Fatal subarachnoid hemorrhage due to traumatic rupture of the vertebral artery

Arch Pathol Lab Med. 1986 Jun;110(6):489-93.


Massive fatal subarachnoid hemorrhage maximal in the posterior fossa following minor trauma to the head and neck was first attributed to rupture of a vertebral artery (VA) in 1971. Typically, a young, healthy, but intoxicated man receives a minor blow and immediately collapses and dies within minutes. Early reports suggested an extracranial site of rupture with upward tracking of blood into the subarachnoid space. In few cases has this site of rupture been histologically verified, and more recent reports have drawn attention to intracranial rupture of the VA. We describe herein six cases in which the intracranial segment of the VA was the site of traumatic rupture, a site which can be demonstrated by careful examination of the most proximal segment of the VA attached to the brain in the course of routine brain removal.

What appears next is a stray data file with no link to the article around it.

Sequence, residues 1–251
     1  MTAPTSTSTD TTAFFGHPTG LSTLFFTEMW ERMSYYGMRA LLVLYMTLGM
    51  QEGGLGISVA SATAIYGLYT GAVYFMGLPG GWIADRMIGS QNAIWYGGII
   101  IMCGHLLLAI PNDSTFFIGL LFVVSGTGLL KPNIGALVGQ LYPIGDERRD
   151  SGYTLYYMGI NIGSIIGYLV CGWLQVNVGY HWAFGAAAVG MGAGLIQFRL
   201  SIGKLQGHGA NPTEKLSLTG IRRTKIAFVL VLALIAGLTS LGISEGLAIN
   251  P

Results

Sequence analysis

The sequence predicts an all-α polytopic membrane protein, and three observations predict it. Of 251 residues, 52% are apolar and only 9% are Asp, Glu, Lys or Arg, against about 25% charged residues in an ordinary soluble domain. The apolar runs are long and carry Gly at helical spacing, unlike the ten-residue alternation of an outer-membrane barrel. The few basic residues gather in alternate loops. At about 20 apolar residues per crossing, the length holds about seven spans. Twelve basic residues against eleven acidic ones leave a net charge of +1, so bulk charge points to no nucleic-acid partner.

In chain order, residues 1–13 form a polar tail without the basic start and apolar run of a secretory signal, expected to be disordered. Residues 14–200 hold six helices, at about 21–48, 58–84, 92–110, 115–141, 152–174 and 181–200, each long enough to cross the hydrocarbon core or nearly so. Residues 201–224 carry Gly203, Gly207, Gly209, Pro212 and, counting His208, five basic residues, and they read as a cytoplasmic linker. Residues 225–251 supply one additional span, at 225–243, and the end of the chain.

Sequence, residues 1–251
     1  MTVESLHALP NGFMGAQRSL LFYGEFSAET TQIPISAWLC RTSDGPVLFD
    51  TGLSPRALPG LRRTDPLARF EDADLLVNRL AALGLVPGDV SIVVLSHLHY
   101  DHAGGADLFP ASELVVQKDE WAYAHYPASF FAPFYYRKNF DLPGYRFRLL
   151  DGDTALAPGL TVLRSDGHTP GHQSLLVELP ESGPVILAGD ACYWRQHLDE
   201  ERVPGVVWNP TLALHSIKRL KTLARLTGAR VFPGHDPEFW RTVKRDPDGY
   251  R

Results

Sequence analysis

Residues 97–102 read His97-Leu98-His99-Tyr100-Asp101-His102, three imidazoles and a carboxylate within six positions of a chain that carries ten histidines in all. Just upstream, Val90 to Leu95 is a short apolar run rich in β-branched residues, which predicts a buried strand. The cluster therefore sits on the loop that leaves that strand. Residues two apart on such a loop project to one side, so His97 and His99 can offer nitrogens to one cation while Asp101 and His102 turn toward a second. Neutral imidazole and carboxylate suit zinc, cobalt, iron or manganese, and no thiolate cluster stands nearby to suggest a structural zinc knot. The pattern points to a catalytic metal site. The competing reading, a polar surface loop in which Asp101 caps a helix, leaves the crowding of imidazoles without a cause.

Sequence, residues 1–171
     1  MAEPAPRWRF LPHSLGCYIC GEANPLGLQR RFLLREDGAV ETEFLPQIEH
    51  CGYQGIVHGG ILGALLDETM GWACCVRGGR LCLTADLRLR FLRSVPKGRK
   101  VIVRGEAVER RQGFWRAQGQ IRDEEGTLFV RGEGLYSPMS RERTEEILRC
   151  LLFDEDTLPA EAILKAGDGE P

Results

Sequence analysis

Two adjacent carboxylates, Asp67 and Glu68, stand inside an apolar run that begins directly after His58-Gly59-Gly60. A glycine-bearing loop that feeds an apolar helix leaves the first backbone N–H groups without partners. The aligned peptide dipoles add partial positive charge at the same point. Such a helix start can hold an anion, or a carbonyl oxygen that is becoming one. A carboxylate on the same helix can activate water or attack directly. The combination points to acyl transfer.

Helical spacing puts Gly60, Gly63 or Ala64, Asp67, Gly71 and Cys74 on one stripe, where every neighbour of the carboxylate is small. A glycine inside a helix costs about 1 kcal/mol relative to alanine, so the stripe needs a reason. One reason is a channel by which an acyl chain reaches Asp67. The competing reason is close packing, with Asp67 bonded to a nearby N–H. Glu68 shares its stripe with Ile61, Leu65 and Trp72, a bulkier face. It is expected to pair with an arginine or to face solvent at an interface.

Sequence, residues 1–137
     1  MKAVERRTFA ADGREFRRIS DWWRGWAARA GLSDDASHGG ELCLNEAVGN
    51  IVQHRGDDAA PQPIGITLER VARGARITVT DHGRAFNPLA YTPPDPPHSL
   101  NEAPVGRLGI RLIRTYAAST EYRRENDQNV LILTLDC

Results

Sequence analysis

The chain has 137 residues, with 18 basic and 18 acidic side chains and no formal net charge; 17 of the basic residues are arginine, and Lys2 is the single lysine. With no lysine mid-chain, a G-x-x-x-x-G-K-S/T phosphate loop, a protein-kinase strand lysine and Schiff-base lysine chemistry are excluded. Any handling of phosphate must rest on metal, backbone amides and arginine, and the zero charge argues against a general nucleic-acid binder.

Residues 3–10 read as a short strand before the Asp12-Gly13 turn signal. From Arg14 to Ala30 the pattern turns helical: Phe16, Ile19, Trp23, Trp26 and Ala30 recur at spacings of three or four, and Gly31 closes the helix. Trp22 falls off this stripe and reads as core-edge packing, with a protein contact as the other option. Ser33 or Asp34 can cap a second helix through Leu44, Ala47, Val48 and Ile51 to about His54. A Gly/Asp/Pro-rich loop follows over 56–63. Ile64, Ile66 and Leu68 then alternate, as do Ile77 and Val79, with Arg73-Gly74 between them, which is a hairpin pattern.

Publication types

  • Case Reports

MeSH terms

  • Adolescent
  • Adult
  • Humans
  • Male
  • Rupture
  • Subarachnoid Hemorrhage / etiology*
  • Subarachnoid Hemorrhage / pathology
  • Vertebral Artery / injuries*
  • Vertebral Artery / pathology